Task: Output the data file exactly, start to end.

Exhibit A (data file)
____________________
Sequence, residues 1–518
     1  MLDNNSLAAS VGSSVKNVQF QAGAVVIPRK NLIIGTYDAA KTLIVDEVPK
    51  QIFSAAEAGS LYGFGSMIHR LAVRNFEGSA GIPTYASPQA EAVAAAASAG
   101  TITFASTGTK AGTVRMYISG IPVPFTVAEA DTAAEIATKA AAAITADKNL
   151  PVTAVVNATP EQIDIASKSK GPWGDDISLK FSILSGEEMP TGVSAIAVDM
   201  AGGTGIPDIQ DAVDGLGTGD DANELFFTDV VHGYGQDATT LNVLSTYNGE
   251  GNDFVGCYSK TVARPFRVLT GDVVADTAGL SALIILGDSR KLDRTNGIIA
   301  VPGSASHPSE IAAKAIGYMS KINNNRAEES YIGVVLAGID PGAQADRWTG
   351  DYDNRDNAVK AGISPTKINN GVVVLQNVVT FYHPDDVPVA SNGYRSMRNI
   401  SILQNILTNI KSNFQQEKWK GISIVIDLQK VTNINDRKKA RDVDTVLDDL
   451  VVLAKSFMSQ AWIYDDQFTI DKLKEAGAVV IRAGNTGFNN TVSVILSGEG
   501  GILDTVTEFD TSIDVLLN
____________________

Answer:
Sequence, residues 1–518
     1  MLDNNSLAAS VGSSVKNVQF QAGAVVIPRK NLIIGTYDAA KTLIVDEVPK
    51  QIFSAAEAGS LYGFGSMIHR LAVRNFEGSA GIPTYASPQA EAVAAAASAG
   101  TITFASTGTK AGTVRMYISG IPVPFTVAEA DTAAEIATKA AAAITADKNL
   151  PVTAVVNATP EQIDIASKSK GPWGDDISLK FSILSGEEMP TGVSAIAVDM
   201  AGGTGIPDIQ DAVDGLGTGD DANELFFTDV VHGYGQDATT LNVLSTYNGE
   251  GNDFVGCYSK TVARPFRVLT GDVVADTAGL SALIILGDSR KLDRTNGIIA
   301  VPGSASHPSE IAAKAIGYMS KINNNRAEES YIGVVLAGID PGAQADRWTG
   351  DYDNRDNAVK AGISPTKINN GVVVLQNVVT FYHPDDVPVA SNGYRSMRNI
   401  SILQNILTNI KSNFQQEKWK GISIVIDLQK VTNINDRKKA RDVDTVLDDL
   451  VVLAKSFMSQ AWIYDDQFTI DKLKEAGAVV IRAGNTGFNN TVSVILSGEG
   501  GILDTVTEFD TSIDVLLN